Dr. Sue Swearer is the Willa Cather Professor of Educational Psychology at the University of Nebraska-Lincoln who has chaired Born This Way Foundation’s Research Advisory Board and led the Born Brave Experience research with assistance from Raul Palacios, Ed.S, a Doctoral Student at the University of Nebraska-Lincoln.
No one is born knowing how to be kind. Teaching kindness early in life is important for yourself, your family, your school, the people you work with, and your community! Below are a few examples of how people can teach, practice, and show kindness throughout their lives.
Individuals: An important part of kindness is being intentional with your actions. “Self-care” is one way that you can be kind to yourself. Self-care includes taking care of your own mental and physical health. Take time to be kind to yourself by putting time aside to do the things you enjoy. It seems logical that being kind to other people is easier when you are happy and kind to yourself.
Families: Depending on your family situation, being kind to the people who you spend your day-to-day life with may be easier for some than others. However, there are many things that different family members can do to work towards a kinder home. First, kindness is a teachable behavior! This means that parents and older adults (e.g., grandparents, aunts and uncles, older siblings and cousins) can model ways to be kind to others. Second, don’t yell at one another. Being angry/irritated/frustrated/ is completely normal, but you have the ability to control how you react to a difficult situation. Take the time to give yourself some alone time + space to think about appropriate ways to handle the situation before lashing out. Third, be mindful of your family, their spaces, and your family roles. This can vary from doing your chores on time to asking how you can help around the house. Kindness is about being intentional with your words and actions in your home.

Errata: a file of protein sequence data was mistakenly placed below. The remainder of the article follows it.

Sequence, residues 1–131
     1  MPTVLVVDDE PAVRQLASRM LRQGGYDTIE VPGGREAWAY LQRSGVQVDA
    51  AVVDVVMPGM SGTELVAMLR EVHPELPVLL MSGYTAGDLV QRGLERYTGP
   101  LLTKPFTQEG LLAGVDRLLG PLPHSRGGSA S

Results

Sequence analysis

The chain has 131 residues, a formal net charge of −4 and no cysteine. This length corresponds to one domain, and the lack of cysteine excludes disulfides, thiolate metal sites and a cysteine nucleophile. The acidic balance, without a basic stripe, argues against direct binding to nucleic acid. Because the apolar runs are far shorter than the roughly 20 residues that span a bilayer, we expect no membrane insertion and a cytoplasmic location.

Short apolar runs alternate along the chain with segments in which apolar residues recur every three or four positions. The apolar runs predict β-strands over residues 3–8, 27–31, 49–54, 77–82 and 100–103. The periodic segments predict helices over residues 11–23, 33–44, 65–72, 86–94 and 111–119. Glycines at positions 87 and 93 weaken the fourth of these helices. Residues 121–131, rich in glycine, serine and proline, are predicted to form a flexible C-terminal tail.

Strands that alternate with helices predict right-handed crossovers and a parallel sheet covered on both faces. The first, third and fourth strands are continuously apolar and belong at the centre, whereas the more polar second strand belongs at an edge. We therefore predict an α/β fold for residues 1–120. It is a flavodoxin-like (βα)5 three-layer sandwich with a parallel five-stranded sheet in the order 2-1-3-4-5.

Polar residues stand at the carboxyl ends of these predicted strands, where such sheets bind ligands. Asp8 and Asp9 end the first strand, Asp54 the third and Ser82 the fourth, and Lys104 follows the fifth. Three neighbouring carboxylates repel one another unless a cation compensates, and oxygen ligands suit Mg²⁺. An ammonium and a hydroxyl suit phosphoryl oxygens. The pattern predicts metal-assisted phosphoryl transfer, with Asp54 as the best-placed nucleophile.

Schools: It takes a lot of people to make a kind school. Just think of all the different people and their roles such as the school principal, the school administration, teachers, janitors, lunch crew, students, parents, the librarian, etc.! Principals can demonstrate kindness by recognizing the hard work that the teachers are doing, and teachers can pass on that kindness to their students. Educators can create kindness activities into their daily lesson plans. Educators can also call out the kind behaviors that they see, instead of focusing only on negative behaviors. Students can also show kindness to other students by talking nicely to one another, or by making sure that everyone at school has someone to hang out with. Students can also show kindness to their teachers by going to class prepared and ready to learn!
Workplaces: Work can be super stressful, so it is important to create a kind work environment! You can show your co-workers kindness by simply displaying gratitude for their role in your workplace. If there are times when you or your co-workers feel overworked, feel free to take time to offer your support. If you are a manager or administrator, teach your new employees their work responsibilities and offer support when they are learning new on-the-job skills! If you are a trainee, be sure to thank your trainer for their support!
Communities: Being kind to a community member can go a long way and can be as easy as giving a friendly hello or smile. If you have time, volunteer at a local organization. You can also get involved at local community events, fairs, and farmers markets to demonstrate community support. You can also do your part to keep your neighborhood clean. Most importantly, intentionally speak kindly to everyone!
Being a community member is not only about where you physically live! Don’t forget about your online community, too! You can be kind by committing to make a kinder online space. Take the Hack Harassment pledge to commit to stand up for people in need and to help keep them safe: https://www.hackharassment.com/pledge/.